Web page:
Tuesday, November 24, 2009

History Lesson

Beutler (TPM): Sebelius Unveils State By State Analysis Of Impact Of Health Care Reform

Health and Human Services Secretary Kathleen Sebelius today unveiled state-by-state analyses of the beneficial impacts of health care reform. Using the Senate bill, the report underlines, among other things, the number of working and middle class people who would receive federal assistance, and the extent to which the legislation would reduce the number of uninsured in that state.

So, to pick three states totally at random, if you wanted to know what the goodies for Nebraska, Arkansas, and Louisiana, would be, you can just click.

And, in case you're wondering, the reports do not address the state-by-state impact of the public option.

A bit of history from one who was there - O'Donnell.
Reform haunted by ghosts of bills past? Nov. 23: Senator Sherrod Brown explains why he's optimistic about the passage of the Senate health reform bill with guest host (and former Senate staffer) Lawrence O'Donnell.
Marshall: More on Filibusters

A political scientist TPM Reader begs to differ with TPM Reader JB on the filibuster and the difficulty of getting hard bills through the senate ...

I am a political scientist who has studied the Senate filibuster. As much as I'd like to agree with JB's post, it misses the mark in important ways -- leading people to blame Obama and Reid for what is really way beyond their control. (Note: that is not to say that Reid hasn't made mistakes or Obama has not made mistakes -- but that is a separate question).
Here is the issue: JB writes: "If this had not been the case, legislation like the 1986 Tax Reform Act (which overhauled the entire federal tax code), the Goldwater-Nichols bill of that year restructuring the Pentagon, and the 1990 Clean Air Act Amendments could never have been enacted." Here is the problem: all of those pieces of legislation passed with overwhelming majorities voting yes -- far more than 60 votes. For example, the Senate passed Golwater Nichols with 95 or 96 yea votes; Clean Air Act passed 89-11. Even if a few yes votes would've rather seen the bill fail, this is no way comparable to health care today. In other words, filibusters could not succeed in the Tax Reform, Goldwater-Nichols, Clean Air Act cases etc because if someone filibustered, more than 60 senators would genuinely want to end the filibuster so that the bill would pass. Today, there are not 60 senators who want the bill to pass, as it currently stands. That is lousy, but it is not something that Harry Reid could change by being a better legislative strategist. JB is right that it was not always this way: before the 1970s, it was pretty common for major, controversial bills to pass the Senate absent a filibuster-proof supportive majority. But since then, the filibuster has become so widely accepted (and so costless) that it is a real veto (except when reconciliation is an option -- which is not so feasible here) absent 60 votes. Note also: the idea of citing the southern Democrats as at all restrained on civil rights opposition is laughable. The only reason the 1964 Civil Rights Act could pass is that LBJ and the Democrats made enough concessions to Dirksen to get enough GOP votes to have 67 for cloture (which was the threshold back then). Fortunately, Dirksen was not anywhere near as conservative as today's Republicans, so the concessions were not as substantial as would be required to get GOPers on board today for any liberal legislation.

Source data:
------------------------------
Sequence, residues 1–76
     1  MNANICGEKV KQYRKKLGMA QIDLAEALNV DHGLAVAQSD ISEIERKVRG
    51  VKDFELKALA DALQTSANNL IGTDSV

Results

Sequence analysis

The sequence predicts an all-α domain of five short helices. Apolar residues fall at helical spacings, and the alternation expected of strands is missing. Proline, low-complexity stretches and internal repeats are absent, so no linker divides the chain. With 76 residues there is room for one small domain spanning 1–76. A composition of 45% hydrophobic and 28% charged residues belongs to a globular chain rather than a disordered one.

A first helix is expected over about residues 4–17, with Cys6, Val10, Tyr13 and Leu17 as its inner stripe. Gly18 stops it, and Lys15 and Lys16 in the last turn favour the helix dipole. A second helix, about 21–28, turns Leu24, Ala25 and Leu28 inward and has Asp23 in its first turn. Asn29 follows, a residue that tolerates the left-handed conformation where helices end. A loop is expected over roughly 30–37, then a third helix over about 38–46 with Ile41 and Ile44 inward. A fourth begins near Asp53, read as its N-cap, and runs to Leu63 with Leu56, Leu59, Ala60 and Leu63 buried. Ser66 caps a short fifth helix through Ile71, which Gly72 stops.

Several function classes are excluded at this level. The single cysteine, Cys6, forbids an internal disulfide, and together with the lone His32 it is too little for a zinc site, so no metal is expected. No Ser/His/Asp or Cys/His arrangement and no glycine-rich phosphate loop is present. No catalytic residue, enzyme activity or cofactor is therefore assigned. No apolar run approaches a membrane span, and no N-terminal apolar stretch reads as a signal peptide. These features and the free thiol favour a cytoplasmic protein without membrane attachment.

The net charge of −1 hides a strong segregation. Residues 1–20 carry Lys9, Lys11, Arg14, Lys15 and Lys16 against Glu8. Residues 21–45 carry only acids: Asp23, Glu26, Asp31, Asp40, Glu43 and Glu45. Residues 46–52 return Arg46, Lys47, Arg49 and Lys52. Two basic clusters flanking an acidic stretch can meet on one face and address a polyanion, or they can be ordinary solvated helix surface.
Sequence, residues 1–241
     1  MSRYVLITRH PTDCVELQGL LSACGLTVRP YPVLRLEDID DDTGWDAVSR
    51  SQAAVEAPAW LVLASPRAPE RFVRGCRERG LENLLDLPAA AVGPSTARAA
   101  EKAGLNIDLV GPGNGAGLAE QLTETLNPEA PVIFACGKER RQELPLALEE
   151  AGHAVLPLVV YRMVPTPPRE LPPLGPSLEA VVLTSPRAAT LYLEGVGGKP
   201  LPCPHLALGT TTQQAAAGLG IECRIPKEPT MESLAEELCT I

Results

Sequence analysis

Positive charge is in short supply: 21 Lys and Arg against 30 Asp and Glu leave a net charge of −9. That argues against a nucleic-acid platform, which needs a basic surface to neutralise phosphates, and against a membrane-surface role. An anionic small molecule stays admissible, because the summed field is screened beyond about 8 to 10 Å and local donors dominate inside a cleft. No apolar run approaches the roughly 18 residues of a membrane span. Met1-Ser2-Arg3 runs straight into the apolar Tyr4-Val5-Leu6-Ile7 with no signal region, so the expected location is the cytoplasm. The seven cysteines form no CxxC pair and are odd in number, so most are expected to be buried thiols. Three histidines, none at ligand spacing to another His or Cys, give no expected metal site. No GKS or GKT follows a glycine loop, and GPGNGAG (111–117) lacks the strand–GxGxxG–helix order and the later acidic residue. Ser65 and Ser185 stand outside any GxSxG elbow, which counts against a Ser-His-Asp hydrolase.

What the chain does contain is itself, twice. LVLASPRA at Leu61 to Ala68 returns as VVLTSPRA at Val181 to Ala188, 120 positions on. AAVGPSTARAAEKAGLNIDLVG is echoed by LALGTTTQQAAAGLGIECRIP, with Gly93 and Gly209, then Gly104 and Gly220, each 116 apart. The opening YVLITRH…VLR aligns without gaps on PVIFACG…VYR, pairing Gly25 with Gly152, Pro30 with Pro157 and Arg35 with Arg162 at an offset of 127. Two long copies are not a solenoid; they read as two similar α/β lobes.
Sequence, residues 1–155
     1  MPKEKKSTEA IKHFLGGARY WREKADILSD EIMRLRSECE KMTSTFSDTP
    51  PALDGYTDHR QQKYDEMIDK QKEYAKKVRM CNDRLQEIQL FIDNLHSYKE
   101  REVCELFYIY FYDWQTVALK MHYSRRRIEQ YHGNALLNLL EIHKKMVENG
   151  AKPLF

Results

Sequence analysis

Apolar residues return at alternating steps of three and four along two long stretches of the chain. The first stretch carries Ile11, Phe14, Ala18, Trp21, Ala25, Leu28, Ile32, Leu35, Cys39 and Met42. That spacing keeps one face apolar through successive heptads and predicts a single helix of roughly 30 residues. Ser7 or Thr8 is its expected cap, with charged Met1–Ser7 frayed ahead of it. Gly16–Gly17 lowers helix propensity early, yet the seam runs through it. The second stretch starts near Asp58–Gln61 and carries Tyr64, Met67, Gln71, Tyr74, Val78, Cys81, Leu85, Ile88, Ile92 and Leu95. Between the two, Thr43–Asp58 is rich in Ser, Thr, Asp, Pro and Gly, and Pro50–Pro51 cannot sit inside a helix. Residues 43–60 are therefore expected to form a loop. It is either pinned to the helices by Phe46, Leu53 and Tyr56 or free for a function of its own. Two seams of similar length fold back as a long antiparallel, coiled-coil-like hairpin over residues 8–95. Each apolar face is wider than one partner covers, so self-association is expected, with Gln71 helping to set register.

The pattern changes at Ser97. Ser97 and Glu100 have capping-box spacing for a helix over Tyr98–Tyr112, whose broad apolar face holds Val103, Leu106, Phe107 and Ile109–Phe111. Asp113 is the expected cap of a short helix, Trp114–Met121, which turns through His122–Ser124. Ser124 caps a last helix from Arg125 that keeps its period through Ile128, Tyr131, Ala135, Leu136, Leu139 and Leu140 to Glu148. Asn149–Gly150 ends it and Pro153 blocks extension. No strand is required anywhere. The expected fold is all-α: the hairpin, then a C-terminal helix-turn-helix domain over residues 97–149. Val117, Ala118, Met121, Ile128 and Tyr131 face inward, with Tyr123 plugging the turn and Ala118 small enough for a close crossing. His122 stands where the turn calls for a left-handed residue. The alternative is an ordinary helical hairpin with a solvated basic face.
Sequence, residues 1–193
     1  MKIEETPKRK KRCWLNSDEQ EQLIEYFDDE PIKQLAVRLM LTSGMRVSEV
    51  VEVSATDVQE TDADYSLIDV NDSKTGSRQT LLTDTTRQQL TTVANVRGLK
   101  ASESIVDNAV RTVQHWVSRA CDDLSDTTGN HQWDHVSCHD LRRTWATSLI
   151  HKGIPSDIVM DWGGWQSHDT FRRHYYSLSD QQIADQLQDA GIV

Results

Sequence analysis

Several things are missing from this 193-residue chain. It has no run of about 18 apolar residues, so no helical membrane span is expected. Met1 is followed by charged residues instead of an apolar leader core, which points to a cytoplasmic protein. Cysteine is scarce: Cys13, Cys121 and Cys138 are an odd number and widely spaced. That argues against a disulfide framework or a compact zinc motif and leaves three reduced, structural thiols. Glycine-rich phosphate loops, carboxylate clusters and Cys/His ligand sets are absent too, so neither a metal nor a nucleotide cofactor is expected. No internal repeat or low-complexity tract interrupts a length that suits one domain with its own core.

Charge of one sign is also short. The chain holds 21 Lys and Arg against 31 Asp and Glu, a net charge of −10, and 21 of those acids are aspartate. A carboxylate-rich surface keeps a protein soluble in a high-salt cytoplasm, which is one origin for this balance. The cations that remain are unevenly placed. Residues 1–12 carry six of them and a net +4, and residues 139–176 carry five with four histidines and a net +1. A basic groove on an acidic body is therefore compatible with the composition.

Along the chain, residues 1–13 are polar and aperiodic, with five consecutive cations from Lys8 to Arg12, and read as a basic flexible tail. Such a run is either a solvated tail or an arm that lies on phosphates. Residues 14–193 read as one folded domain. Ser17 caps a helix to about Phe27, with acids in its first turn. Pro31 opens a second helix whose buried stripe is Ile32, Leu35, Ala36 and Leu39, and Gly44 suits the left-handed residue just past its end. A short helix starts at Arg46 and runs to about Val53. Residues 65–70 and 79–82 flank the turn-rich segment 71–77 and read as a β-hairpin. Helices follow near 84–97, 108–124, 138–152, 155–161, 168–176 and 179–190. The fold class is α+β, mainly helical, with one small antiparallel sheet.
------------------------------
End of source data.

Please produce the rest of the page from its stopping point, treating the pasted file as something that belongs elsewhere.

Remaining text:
I think both readers have good points here. But, thinking back, there's any question that as recently as the 1990s filibusters (or using whatever obstructive measures to force 60 vote majorities) were much less common than they are today. Today it is treated as a given; 60 votes is the default. That simply did not used to be the case.